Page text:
YANGON, Myanmar (AP): Voting was underway in Myanmar’s elections on Sunday, with the party of Nobel Peace Prize laureate Aung San Suu Kyi heavily favored to retain power it had wrestled from the powerful military five years ago.
More than 90 parties are competing for seats in the lower and upper houses of Parliament, while there are also elections at the state and regional levels.
With the opposition in disarray, Suu Kyi remains Myanmar’s most popular politician. But her government has fallen short of expectations, with economic growth doing little to alleviate widespread poverty and a failure to ease tensions among the country’s fractious ethnic groups.
There are more than 37 million people eligible to vote, including 5 million first-timers. Fear of the coronavirus and safety measures put in place to contain it may hurt voter turnout. Traditional campaigning was severely limited by social distancing and quarantines in some areas.
Suu Kyi’s party, the National League for Democracy, won the last elections in 2015 in a landslide, ending more than five decades of military-directed rule in the country.
Her party’s main challenger, as it was five years ago, is the military-backed Union Solidarity and Development Party, which has led the opposition in Parliament.
The ability of Suu Kyi’s administration to run the country has been hamstrung by a clause in the 2008 army-drafted constitution giving the military 25% of the seats in Parliament, allowing it to block constitutional reforms.
The Election Commission said it would begin to announce results Monday morning. But it may take up to a week to collect all the votes, some of which will come from remote jungle areas.
With little sign of major interest in policy debates, the vote is seen as a referendum on Suu Kyi’s leadership.
“There is no major party really putting an alternative, a credible alternative, forward,” Yangon-based political analyst Richard Horsey said, explaining part of the reason Suu Kyi’s side has a winning hand in Myanmar’s heartland, where its ethnic Burman majority lives.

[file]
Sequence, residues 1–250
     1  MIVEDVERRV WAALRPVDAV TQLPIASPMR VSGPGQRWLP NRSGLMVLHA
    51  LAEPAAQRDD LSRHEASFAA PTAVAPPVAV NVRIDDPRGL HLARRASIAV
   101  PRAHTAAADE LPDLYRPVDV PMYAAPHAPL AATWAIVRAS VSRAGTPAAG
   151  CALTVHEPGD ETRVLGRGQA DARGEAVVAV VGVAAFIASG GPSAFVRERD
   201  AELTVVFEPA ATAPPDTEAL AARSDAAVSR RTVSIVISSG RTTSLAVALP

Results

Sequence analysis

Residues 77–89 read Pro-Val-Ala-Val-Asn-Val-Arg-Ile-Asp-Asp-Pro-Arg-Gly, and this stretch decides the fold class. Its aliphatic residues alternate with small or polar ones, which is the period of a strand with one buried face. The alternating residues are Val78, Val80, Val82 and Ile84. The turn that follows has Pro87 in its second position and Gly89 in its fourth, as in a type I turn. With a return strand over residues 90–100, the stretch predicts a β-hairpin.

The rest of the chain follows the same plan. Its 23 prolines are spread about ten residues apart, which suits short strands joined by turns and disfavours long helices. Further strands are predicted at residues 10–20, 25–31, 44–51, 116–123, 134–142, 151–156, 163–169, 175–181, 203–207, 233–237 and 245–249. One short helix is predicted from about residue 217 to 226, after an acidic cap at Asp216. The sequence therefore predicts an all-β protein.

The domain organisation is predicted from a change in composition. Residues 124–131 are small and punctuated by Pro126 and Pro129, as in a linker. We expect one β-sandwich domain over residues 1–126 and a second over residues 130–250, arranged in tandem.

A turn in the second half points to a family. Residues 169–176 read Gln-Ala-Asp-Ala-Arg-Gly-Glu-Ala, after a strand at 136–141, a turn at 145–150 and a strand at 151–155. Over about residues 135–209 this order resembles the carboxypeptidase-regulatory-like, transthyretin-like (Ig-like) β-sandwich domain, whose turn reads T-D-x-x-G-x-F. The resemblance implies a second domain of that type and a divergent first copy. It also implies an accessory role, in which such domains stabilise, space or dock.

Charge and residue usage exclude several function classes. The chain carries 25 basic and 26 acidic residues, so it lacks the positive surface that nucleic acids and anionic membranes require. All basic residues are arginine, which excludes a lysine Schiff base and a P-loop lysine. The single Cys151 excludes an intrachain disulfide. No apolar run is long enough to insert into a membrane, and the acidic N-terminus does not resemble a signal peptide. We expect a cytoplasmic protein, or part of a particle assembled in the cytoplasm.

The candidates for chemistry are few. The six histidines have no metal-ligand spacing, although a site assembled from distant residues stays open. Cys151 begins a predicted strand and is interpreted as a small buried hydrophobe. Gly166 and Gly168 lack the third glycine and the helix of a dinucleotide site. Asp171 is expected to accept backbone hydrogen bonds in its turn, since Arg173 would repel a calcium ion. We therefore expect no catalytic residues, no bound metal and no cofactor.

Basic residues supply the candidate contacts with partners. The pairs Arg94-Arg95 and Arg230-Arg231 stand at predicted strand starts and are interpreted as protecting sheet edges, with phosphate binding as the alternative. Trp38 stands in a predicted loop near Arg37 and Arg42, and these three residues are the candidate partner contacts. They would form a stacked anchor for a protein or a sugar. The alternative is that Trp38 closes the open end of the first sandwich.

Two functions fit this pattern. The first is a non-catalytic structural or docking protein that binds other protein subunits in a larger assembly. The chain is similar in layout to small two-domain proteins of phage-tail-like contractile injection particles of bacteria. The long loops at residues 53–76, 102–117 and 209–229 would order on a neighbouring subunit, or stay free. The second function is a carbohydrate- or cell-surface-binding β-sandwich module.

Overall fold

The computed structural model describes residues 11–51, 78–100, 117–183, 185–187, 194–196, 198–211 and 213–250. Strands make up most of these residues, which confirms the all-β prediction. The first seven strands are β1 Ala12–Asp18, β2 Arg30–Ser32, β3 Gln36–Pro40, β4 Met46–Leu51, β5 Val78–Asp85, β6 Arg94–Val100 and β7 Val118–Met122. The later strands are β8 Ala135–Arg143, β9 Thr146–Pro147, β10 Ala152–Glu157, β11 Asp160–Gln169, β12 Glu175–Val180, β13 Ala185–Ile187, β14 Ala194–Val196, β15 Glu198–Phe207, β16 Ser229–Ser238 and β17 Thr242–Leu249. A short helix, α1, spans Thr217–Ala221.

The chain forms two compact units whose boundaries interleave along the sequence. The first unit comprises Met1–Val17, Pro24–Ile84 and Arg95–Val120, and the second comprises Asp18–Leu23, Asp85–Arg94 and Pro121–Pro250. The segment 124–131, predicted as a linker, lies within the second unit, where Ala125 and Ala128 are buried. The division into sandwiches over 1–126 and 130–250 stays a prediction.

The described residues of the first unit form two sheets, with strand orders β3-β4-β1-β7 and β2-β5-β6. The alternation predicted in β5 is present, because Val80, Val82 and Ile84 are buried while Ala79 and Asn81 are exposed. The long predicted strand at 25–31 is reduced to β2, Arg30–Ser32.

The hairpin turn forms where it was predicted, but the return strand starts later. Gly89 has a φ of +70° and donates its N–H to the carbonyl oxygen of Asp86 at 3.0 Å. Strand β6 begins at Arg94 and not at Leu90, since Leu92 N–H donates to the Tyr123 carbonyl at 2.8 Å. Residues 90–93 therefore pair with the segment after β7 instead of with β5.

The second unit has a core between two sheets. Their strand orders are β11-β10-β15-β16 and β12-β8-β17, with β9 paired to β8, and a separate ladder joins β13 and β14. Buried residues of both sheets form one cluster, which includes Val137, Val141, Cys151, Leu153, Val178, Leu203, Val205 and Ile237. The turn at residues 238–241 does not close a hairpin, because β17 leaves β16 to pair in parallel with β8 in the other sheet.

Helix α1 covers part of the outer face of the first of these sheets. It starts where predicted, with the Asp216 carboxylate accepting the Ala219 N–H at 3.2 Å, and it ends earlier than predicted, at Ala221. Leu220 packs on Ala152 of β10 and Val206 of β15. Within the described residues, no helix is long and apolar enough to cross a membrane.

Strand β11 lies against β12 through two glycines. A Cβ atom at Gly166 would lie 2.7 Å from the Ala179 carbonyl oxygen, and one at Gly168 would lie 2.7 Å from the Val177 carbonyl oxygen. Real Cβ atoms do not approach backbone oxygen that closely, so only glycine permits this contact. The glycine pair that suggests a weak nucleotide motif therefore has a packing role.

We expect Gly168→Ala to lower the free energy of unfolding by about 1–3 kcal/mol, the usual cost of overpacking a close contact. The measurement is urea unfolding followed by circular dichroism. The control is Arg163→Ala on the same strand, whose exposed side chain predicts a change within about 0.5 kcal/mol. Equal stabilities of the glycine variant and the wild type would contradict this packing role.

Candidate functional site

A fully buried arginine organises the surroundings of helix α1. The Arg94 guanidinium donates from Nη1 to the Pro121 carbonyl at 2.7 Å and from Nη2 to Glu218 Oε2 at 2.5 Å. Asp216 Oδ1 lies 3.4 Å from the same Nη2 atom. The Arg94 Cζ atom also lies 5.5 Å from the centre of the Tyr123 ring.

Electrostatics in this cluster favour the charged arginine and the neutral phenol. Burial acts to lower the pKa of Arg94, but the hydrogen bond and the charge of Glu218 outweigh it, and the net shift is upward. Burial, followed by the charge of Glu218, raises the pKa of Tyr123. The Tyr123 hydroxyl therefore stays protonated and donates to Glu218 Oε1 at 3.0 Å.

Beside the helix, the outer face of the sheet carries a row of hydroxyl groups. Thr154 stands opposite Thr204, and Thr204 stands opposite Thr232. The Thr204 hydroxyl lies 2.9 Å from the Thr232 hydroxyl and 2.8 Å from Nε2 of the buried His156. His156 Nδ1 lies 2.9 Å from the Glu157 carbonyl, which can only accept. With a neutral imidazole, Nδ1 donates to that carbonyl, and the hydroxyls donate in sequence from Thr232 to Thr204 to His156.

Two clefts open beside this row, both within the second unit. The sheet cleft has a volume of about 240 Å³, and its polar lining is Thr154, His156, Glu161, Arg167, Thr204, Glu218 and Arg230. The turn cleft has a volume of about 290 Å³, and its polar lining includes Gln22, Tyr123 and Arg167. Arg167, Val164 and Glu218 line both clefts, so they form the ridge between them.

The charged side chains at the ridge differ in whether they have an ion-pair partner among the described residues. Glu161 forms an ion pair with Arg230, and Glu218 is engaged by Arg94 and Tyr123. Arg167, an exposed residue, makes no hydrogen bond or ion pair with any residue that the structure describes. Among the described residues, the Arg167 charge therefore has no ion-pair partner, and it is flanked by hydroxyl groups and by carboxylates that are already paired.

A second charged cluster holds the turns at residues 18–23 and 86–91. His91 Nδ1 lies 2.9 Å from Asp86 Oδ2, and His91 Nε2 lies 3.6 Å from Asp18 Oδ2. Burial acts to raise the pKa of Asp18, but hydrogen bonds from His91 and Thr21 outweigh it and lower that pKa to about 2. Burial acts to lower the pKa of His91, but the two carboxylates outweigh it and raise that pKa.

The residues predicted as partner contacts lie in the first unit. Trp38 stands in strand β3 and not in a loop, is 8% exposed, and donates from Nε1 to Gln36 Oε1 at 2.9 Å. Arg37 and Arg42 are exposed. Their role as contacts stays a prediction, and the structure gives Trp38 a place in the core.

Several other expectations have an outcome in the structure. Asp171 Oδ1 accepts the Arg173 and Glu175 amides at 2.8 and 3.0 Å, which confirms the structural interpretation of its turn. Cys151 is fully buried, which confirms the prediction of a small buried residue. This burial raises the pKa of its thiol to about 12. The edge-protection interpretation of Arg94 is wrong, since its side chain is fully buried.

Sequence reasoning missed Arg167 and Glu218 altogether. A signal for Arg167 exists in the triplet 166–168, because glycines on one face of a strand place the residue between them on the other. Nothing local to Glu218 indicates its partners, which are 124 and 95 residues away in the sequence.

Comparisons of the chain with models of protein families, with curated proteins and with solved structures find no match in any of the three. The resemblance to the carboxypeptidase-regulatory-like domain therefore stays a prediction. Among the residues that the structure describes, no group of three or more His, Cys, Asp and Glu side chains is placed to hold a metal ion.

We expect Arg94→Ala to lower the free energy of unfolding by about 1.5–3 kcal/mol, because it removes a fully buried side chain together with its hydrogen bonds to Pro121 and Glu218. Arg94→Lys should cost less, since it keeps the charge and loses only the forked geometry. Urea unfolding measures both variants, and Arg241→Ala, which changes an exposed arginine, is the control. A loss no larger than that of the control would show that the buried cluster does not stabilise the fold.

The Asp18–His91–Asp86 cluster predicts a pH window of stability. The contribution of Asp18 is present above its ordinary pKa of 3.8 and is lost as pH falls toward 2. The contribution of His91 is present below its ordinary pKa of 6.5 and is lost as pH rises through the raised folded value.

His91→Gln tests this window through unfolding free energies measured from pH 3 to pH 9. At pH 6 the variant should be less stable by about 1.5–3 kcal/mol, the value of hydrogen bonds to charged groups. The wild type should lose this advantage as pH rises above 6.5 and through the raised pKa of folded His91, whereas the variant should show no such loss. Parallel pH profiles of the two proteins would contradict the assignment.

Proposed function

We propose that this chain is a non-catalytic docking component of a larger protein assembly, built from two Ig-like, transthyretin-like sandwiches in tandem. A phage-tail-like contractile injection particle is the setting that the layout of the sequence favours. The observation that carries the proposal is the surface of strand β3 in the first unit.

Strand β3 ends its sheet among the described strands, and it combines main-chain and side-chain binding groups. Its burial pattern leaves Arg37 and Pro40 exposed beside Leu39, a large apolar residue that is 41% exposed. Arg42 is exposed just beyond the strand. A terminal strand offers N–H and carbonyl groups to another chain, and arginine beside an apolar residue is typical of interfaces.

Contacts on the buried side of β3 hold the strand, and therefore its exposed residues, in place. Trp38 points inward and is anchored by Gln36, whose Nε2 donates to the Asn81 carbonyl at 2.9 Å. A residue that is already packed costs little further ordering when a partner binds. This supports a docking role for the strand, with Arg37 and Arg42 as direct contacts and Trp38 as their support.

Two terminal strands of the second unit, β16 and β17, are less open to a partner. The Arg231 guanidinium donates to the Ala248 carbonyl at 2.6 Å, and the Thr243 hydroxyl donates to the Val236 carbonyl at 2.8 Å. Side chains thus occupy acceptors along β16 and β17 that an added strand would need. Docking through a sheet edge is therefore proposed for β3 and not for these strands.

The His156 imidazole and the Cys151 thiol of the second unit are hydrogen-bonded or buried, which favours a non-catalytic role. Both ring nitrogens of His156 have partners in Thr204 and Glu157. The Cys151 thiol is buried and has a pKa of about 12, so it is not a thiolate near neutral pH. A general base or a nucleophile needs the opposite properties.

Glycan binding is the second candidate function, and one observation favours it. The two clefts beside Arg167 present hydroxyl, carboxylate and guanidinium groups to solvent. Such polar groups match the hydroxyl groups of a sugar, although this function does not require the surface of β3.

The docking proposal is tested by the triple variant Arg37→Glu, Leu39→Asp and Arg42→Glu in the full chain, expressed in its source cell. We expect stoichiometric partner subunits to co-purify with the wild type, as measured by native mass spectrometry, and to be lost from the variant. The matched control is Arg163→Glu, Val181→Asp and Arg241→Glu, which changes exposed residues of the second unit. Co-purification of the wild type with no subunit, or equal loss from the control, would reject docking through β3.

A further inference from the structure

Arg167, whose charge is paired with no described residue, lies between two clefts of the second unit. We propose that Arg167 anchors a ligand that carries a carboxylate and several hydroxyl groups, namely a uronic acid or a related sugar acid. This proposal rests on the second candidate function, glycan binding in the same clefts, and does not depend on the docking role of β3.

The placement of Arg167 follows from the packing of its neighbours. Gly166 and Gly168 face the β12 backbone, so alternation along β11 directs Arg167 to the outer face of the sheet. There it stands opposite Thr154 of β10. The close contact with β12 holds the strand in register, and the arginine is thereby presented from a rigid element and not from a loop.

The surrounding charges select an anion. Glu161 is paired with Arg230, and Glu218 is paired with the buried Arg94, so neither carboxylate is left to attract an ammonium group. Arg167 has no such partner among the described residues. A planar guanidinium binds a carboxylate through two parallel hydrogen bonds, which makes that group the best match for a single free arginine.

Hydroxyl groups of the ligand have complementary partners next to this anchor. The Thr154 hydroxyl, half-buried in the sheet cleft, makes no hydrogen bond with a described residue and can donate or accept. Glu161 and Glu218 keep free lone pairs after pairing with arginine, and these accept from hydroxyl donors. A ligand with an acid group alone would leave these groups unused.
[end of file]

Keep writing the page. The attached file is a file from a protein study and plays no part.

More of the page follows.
Even more important for the ruling party’s prospects, he said, is “the personal support, even love, that many people have for Aung San Suu Kyi herself, almost irrespective of how the government administration performs, how the economy performs and so on.”
The love does not extend to the borderlands, the states occupied by the myriad ethnic minorities who have been seeking greater political autonomy for decades.
Suu Kyi’s ambitious plans to reconcile with the minorities have foundered. Their grievances have frequently erupted into armed rebellion, posing major threats to national security.
The ethnic political parties in 2015 had cooperated with Suu Kyi’s party on a constituency by constituency basis to ensure victory against candidates from the Union Solidarity and Development Party.
But this year, the ethnic parties, disappointed with her failure to reach a deal to expand their political rights, will be supporting only their own candidates.
The Election Commission caused major controversy when it canceled voting in some areas where parties critical of the government were certain to win seats. The commission blamed armed insurgency, but critics said the agency was carrying out the NLD’s bidding. More than 1 million people are estimated to have been disenfranchised.
The plight of Myanmar’s Muslim Rohingya ethnic minority — an issue of concern to foreign friends of the country — played no real role in the campaign. A brutal 2017 counterinsurgency campaign by Myanmar’s army drove about 740,000 Rohingya to flee across the border to Bangladesh, leading to a World Court investigation of possible genocide.
Long-standing prejudice against the Rohingya, whom many consider illegal immigrants from South Asia despite their families having been settled in Myanmar for generations, has deprived most of Myanmar citizenship and basic rights, including voting.
United Nations Secretary-General Antonio Guterres on Friday expressed concern at the “legal limbo” of the Rohingya in the western state of Rakhine and their inability to vote, UN spokesperson Stephane Dujarric said.“It is important that everyone have a voice and be able to participate in these elections in a very … inclusive way,” Dujarric said. ASSOCIATED PRESS